SBUH doctors perform lifesaving kidney transplant
Stony Brook University Hospital doctors perform lifesaving procedure
STONY BROOK, N.Y., January 11, 2013 – Lenore Bzdyk and Dan Sullivan have stayed in touch since their days attending Bay Shore Middle School in the 1970s. Both married, had families and stayed in Bay Shore, attending periodic school reunions over the years. Never did they dream that their childhood relationship might lead to a lifesaving kidney donation.
On Jan. 8, Sullivan did exactly that, donating one of his kidneys to Lenore’s husband, Karl Bzdyk, after learning of Karl’s condition via Lenore’s Facebook page last fall. According to doctors, the donation came just in time for Bzdyk, whose kidneys were failing due to his Type I diabetes. Now he is expected to lead a much more active life, with a fully functioning kidney.
“I feel great,” Bzdyk said from his hospital bed at Stony Brook University Hospital (SBUH) on Jan. 10, three days after the surgery. “It’s a new life…. It’s a new year. It’s a great new year.”
“He’s a superhero and a great friend,” Lenore said of Sullivan. “He’s just truly amazing. He’s one of a kind.”
The donor surgery was performed by Frank S. Darras, M.D., Professor of Urology at Stony Brook University School of Medicine, and Medical Director of Transplantation Services for the Urology Department at SBUH, who removed Sullivan’s kidney laparascopically. Wayne Waltzer, MD, FACS, Professor and Chairman of the Department of Urology, and Director, Kidney Transplantation Services at SBUH, performed the transplant surgery. He said the procedure “promptly and dramatically relieved” many of Bzdyk’s symptoms of kidney failure.
Sullivan, age 48, discovered he was a potential donor for Bzdyk, age 49, in October. Over the next two months, he went through a battery of tests to make sure he was cleared physically for the surgery. Sullivan is expected to lead a normal life with one kidney, which will function at 70-80 percent of two kidneys’ capacity within a year.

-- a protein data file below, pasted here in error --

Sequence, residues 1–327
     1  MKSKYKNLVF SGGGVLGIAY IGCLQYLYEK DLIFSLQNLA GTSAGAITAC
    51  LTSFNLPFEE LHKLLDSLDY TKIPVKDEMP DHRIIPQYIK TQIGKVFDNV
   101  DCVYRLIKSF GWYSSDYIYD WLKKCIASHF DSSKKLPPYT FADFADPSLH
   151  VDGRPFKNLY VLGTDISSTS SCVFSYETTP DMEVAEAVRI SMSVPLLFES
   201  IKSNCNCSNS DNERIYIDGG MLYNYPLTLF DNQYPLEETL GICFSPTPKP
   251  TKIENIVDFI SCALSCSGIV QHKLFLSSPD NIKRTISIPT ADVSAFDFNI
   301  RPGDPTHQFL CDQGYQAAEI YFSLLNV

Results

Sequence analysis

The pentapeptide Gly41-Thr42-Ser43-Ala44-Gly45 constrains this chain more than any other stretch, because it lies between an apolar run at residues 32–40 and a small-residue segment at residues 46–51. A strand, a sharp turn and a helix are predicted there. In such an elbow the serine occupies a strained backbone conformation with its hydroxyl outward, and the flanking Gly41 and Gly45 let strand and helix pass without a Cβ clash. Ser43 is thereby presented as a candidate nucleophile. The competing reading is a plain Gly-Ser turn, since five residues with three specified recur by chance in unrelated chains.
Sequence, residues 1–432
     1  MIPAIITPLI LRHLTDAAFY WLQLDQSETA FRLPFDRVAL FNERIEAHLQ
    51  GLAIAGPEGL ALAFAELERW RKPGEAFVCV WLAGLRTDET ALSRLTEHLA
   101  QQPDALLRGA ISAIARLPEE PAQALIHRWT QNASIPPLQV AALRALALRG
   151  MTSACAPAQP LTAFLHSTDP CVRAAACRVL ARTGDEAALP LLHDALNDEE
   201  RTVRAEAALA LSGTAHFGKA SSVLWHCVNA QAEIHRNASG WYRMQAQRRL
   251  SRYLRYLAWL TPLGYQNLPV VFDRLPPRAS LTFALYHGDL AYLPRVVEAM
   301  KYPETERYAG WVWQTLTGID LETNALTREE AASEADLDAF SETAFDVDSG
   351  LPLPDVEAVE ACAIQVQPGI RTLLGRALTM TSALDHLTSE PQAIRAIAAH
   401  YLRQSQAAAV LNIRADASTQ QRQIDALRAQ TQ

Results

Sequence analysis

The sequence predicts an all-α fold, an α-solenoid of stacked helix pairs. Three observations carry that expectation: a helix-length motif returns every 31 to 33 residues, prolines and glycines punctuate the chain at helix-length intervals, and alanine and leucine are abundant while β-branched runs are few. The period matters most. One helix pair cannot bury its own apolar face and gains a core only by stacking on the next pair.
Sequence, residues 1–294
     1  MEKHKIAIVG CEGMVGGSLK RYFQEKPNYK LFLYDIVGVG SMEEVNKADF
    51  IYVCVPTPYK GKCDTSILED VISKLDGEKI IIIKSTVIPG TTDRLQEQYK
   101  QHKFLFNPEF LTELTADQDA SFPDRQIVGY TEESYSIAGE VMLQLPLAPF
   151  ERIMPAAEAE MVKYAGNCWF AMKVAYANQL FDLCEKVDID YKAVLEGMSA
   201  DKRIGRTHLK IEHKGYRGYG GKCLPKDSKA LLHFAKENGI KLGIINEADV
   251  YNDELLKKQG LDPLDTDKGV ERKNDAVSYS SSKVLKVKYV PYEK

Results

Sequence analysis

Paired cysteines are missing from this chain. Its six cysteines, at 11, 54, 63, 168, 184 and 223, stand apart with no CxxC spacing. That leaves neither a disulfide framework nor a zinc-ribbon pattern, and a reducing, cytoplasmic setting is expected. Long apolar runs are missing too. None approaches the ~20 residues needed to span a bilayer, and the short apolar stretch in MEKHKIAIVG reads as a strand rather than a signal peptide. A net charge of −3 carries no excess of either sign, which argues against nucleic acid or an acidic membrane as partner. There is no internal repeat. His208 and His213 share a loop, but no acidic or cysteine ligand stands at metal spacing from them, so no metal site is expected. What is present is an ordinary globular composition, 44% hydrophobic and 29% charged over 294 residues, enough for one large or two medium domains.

Sullivan said he was only doing what others would do in the same situation if circumstances were reversed. “I figured if any of us were ever in need, they [the Bzdyks] would do that for us,” he said. The benefits of his generous act were instantly visible. “I saw him [Bzdyk] right after surgery, and he looked like a different person,” Sullivan said.
“Who would have thought that a boy that I met in seventh grade would turn out to do this,” Lenore said. “It’s a miracle. I’m so overwhelmed and so happy.”
“I got the gift of life,” Bzdyk said. “Danny is the hero.”
About the Kidney Transplantation Program at Stony Brook Medicine:
Stony Brook University Hospital (SBUH), part of Stony Brook Medicine, provides a unique combination of research, teaching and healing. As part of the State University of New York, SBUH is home to the longest active transplant program on Long Island. Its multi-disciplinary transplant team consists of surgeons, nephrologists, coordinators, nurses, laboratory personnel, social workers, financial counseling and an administrative staff, all dedicated to providing the renal patient with quality care. All members of the team work hard to ensure that the experience at SBUH Transplantation Services is a great one with a great outcome. The Transplant Surgeons at SBUH have performed over 1,350 kidney transplants with a success rate that stands at 90% at one year.
About Stony Brook University Hospital:
Stony Brook University Hospital (SBUH) is Long Island’s premier academic medical center. With 597 beds, SBUH serves as the region’s only tertiary care center and Level 1 Trauma Center, and is home to the Stony Brook Heart Institute, Stony Brook Cancer Center, Stony Brook Long Island Children’s Hospital, Stony Brook Neurosciences Institute, and Stony Brook Digestive Disorders Institute. SBUH also encompasses Suffolk County’s only Level 4 Regional Perinatal Center, state-designated AIDS Center, state-designated Comprehensive Psychiatric Emergency Program, state-designated Burn Center, the Christopher Pendergast ALS Center of Excellence, and Kidney Transplant Center. It is home of the nation’s first Pediatric Multiple Sclerosis Center. To learn more, visit www.stonybrookmedicine.edu
© Stony Brook University 2012